• Select the RAID array and you will be taken to the screen where the array is repaired. You should be able to select the drive that failed (all the others should be greyed out) and given an option to repair the array.
  • If you select this option then (depending on the firmware release) you will be given a screen in Japanese asking you to enter a displayed number as a confirmation. Enter the number and then select the left-most button to proceed.
  • The system will put up a screen about recovering the array. At this point the new drive will be partitioned and formatted, and added to the RAID array. While this is going on (which normally takes a few minutes) all file access to the TeraStation is suspended.
  • Once the array has been "fixed" the File Serving services will be resumed, and the the process of Resyncing the array will start. During this stage file accesss is allowed, but performance is degraded. This stage can take a long time with the length of time depending on the size of the array - as an example a 1Tb array takes about 5.5 hours, and other sizes will be pro-rata.

When replacing the drive is is recommended if at all possible that you replace the drive with another of the same make and model. Some people have success with using a different make/model that is of the same size (or larger) so it isn up to you whether you try this.

When you are going to replace the drive, then the replacement should be unformatted wtih nopartitions on it. If it is an IDE model (the Orignal and Home Server models), then make sure that the jumpers are set it make it the Master/Only drive. Many drives come with the jumpers set to Slave on the assumption that they are being added as an additional drive to an existing PC. If the jumpers are incorrectly set to the Slave position then the drive will not be recognised by the TeraStation.

Replacing All the Hard Disks

The most likely reason for replacing all disks is that you are intending to upgrade the capacity of your TeraStation.

If the new disks are of size 500Gb or less then proceed as follows:

  • Replace all existing drives with 4 identical drives. If they are IDE drives ensure that the jumpers are set for them to be Master/Only drives. Also make sure that there are no existing partitions on the drives.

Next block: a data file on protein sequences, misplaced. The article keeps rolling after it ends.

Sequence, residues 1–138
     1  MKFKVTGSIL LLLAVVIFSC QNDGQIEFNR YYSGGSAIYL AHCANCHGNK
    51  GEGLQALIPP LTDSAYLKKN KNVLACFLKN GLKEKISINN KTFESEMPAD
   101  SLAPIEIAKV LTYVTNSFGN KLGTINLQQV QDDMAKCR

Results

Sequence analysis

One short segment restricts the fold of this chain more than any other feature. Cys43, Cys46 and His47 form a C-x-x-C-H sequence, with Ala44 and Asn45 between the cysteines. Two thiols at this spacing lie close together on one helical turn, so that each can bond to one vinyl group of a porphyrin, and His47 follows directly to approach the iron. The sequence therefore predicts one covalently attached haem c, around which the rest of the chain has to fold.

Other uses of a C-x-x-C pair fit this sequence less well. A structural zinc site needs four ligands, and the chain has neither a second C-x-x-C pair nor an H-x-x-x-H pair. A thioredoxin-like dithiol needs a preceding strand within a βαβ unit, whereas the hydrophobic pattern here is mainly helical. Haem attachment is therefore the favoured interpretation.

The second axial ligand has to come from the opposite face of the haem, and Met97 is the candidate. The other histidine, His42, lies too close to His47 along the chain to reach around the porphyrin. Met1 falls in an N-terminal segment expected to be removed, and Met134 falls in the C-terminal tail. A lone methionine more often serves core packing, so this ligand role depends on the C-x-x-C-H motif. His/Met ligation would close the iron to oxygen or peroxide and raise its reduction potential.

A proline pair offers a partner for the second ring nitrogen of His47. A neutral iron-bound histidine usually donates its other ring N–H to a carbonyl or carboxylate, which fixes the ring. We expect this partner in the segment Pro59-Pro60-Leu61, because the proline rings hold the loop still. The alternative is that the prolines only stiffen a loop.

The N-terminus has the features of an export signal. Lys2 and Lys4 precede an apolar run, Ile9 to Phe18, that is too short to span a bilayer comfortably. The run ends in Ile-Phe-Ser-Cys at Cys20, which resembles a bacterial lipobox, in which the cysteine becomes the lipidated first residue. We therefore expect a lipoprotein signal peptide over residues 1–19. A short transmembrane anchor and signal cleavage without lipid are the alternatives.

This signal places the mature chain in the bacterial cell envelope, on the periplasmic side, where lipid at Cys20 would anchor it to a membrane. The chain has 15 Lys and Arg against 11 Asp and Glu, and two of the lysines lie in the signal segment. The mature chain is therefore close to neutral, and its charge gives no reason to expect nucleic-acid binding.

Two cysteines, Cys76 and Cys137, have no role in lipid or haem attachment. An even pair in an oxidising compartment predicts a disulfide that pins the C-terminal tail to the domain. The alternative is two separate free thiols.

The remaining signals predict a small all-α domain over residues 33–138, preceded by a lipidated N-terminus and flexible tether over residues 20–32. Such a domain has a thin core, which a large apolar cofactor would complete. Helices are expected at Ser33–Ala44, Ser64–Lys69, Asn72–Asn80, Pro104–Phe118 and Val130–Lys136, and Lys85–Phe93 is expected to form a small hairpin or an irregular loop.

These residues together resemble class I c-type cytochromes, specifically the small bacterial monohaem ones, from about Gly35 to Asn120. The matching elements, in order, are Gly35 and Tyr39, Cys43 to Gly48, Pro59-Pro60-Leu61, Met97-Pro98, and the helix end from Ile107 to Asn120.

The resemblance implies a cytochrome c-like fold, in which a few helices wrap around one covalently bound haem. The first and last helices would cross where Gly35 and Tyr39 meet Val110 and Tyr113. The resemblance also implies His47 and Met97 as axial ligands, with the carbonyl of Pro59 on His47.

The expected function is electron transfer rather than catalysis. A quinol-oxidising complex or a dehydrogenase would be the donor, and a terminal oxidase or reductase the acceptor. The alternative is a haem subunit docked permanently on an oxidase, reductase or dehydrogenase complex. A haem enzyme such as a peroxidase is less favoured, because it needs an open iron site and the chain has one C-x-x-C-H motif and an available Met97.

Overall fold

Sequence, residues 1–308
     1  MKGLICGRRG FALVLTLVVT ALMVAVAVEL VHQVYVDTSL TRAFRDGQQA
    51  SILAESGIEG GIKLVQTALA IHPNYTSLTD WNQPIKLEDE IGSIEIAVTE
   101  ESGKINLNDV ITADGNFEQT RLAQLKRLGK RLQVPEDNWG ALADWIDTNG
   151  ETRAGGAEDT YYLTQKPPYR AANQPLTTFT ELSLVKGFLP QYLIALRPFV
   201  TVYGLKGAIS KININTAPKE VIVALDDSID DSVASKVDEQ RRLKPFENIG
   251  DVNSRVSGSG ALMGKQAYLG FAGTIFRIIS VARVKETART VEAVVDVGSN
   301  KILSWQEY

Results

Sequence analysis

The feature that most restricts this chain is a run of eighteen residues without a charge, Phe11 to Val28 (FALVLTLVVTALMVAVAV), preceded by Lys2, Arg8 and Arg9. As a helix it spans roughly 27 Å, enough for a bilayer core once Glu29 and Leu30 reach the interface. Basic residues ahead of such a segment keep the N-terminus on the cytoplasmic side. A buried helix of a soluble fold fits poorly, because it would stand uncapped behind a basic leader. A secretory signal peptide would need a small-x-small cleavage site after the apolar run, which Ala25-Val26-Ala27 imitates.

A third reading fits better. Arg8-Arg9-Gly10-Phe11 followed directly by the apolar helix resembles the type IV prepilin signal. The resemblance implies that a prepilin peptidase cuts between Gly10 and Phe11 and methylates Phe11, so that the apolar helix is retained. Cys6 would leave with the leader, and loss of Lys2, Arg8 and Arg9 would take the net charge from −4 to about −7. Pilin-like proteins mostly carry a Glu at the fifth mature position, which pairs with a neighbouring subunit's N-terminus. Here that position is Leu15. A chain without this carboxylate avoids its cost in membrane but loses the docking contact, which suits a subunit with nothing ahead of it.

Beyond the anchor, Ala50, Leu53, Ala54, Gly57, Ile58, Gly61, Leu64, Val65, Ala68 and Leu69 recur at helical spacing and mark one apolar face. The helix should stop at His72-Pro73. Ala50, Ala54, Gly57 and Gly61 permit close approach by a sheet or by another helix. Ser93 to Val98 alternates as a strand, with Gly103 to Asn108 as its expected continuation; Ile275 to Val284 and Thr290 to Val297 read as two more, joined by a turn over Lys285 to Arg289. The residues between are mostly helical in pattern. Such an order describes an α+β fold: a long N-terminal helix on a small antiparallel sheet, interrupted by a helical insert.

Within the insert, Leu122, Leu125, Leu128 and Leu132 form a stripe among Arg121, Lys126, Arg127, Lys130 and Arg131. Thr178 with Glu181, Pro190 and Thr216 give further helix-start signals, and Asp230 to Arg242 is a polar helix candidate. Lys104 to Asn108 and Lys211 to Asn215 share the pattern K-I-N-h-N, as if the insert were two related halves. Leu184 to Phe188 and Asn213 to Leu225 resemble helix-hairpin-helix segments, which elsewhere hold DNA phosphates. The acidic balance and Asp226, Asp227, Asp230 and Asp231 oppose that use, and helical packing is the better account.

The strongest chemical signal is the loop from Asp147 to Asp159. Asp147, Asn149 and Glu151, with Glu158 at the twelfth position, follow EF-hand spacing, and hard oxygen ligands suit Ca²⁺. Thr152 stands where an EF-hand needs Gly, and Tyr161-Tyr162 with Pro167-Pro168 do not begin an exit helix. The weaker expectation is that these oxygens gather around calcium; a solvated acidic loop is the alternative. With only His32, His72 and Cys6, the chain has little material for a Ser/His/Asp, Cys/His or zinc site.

• Switch the TeraStation on and it will come up in EM-Mode ready to accept a reflash.
  • You will probably need to reflash the system twice - once to partition/format the drives, and the second time to copy the system software to the new hard disks. If during the flashing process you get a timeout message, then quit the Flashing process. Leave the TeraStation alone until all the disk activity lights have stopped, and then start the second flash. When flashing it is a good idea to use the Debug Mode of the firmware updater, and set the option to "clear user-config".
  • At the end of this process the system will be operating as if it was a brand new TeraStation at the new disk capacity.

If you want to use disks that are larger than 500Gb then see this article on TeraStation and Larger Hard Disks.

Telnet Enabled Firmware

TeraStations internally run the Linux operating system. Buffalo hides this from the average user by providing the system "packaged" with a browser based GUI to control and configure it. Telnet enabled firmware allows users to log in using a telnet client to control and manipulate the system at the Linux command line level.

This allows users to do things like:

  • Configure the system at a more detailed level than allowed for by the Buffalo GUI.
  • Upgrade components of the underlying software to newer versions with additional features and/or bug fixes included.